Foursquare & 170 Years Ago

by Anne Motto, Curator of Collections
June 27, 2023

Exactly 170 years ago, construction of the residence that is now known as Acorn Hall was nearing completion. A modest Foursquare, the home was built not for the Cranes, but Dr. John P. Schermerhorn and his wife Louise on land they purchased from family friend and neighbor, John Hone III. Madison builder Ashbel Bruen and Morristown mason William Y. Sayre were hired for the job, and according to the surviving contracts, each was to finalize work by July 1, 1853.  Little is known about “Schermerhorn Place,” but through the contracts and an inventory of furniture drawn up by the doctor, a vague image of the home emerges.

The newly built residence seems to have caused confusion for 1853 mapmakers. In some editions, the house is unlabeled. In another, a labeled residence is placed on the wrong side of the adjacent Lindsley property.

Bruen was the first to be employed by the Schermerhorns. Their February 1853 agreement specifies that he was to build the young couple a “two story frame dwelling house with finished attic and basement” according to plans by Clerk & Bacot of Jersey City. Payment was to be rendered in installments: $500 on the first day of March, $1000 when the house was raised, $1000 when the house was enclosed, $1000 when the floors were laid, and $650 when the house was “completed to the satisfaction of the owner.” That April, they drafted a similar agreement with Sayre to build the stone foundation and chimneys for $1400.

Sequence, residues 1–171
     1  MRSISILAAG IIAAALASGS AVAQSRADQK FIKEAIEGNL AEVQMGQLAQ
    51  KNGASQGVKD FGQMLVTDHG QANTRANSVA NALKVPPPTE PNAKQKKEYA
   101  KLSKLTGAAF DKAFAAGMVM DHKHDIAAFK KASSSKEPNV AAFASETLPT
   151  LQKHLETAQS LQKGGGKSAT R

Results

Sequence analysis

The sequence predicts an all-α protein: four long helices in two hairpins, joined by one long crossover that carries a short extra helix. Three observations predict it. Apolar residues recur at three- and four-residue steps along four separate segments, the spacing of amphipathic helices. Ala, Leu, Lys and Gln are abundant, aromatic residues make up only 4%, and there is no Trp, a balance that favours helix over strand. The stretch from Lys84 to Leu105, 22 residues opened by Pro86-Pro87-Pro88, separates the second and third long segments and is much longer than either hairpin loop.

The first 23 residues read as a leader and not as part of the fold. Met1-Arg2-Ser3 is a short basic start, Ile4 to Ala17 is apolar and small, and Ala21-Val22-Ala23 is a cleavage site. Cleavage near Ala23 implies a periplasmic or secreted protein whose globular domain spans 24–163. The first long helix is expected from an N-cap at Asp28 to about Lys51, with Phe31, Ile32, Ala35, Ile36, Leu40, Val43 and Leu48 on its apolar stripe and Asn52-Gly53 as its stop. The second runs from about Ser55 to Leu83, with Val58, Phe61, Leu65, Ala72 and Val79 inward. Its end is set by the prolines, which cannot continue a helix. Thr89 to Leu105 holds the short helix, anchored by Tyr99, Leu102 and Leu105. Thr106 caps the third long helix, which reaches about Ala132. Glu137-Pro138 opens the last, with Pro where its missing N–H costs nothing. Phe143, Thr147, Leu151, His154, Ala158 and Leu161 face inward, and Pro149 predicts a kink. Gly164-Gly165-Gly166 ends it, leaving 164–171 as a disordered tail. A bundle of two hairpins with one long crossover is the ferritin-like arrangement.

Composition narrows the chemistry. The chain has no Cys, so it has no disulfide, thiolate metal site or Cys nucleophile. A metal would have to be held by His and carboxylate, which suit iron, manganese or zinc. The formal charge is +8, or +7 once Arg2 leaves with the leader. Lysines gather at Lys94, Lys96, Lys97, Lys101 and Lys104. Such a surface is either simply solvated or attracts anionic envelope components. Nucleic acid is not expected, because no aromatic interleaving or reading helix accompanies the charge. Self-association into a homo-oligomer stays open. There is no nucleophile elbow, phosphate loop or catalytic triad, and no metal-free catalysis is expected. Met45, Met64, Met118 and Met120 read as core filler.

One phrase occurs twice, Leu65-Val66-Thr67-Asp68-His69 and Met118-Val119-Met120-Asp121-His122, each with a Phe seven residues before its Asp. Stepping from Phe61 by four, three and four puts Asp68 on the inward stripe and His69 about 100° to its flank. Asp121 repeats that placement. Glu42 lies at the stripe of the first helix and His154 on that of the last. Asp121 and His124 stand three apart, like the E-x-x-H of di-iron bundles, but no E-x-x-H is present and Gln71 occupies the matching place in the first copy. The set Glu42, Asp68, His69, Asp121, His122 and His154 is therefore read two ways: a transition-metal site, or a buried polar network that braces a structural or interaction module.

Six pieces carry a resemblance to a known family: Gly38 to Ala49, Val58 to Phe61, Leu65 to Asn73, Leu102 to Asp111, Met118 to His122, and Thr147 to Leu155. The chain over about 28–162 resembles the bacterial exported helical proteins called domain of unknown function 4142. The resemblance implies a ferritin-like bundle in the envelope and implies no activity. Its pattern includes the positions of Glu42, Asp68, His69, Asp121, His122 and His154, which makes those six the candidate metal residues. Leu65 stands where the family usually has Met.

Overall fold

Schermerhorn furniture list, 1857

The contracts do not reveal any information about the house’s layout during the Schermerhorn’s short residency, but one more puzzle piece provides some insight. Sadly, Louise Schermerhorn died months after their new home was completed. Dr. Schermerhorn remained in Morristown only for three more years, and then sold the house to the Cranes in June 1857. Along with the sale, he composed a list of furniture and household items to be included, organized by room: kitchen, dining room, back parlor, drawing room, three rooms (likely bedrooms), and the third floor attic. While the two parlors remain to this day, the inventory is otherwise the only record of the design and function of Schermerhorn Place’s interiors.

Following additions built for the Cranes in 1860, much of the home was transformed, expanded, and repurposed, leaving little trace of the former Foursquare. Therefore, despite all the information we have on the Crane-Hone family’s 114 years at the Hall, much of “Schermerhorn Place” will likely always remain a mystery.